‘In this case the “court” in question is the Parole Board. The inverted commas are because one of the issues is whether the Board is, in fact, a court for these purposes. Mr Gourlay is a life sentence prisoner. On 10 March 2014 the Parole Board refused to recommend that he be transferred to open conditions (almost always an essential precondition to later release). The Secretary of State usually, but does not always, accept such recommendations. Mr Gourlay challenged the Board’s refusal to make a recommendation. In accordance with a published “litigation strategy” that it has had since 2013 the Board did not engage with that challenge. That strategy takes advantage of a practice encapsulated in a case concerning coroners, R (Davies) v Birmingham Deputy Coroner [2004] 1 WLR 2739, which is that courts and tribunals will not usually be ordered to pay costs provided they have maintained a neutral stance. Mr Gourlay succeeded in his challenge, but both the High Court, and the Court of Appeal, held that Davies applied to the Board, and so Mr Gourlay did not recover his costs. This meant, amongst other things, that his lawyers were only entitled to be paid at around a quarter to a third of the rate they would have received if party-party costs had been awarded in Mr Gourlay’s favour.’

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UKSC Blog, 10th July 2020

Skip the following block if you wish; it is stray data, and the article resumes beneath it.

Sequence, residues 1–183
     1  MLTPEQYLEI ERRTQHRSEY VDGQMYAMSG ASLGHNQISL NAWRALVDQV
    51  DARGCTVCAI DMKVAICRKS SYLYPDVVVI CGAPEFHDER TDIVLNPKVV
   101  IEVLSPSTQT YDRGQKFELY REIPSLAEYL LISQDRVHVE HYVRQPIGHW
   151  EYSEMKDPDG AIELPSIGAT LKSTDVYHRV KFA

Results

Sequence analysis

Source: ukscblog.com

Supreme Court hands down judgment in Villiers v Villiers – Parklane Plowden Chambers

‘Charles and Emma Villiers married in 1994. They moved to Scotland the following year and lived there throughout their married life. The couple separated in 2012, when the wife and the parties’ daughter left the former matrimonial home and moved to England, where the wife continues to reside. Mrs Villiers issued a divorce petition in July 2013 on the basis of her habitual residence for 12 months preceding the presentation of the petition.’

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Parklane Plowden Chambers, 1st July 2020

Source: www.parklaneplowden.co.uk

Courts have no jurisdiction over “unwise” decisions where subject has capacity – Local Government Lawyer

‘The Mental Capacity Act 2005 does not permit the courts to intervene to prevent someone from making decisions that are unwise or damaging to them if they have the necessary capacity, the High Court has ruled.’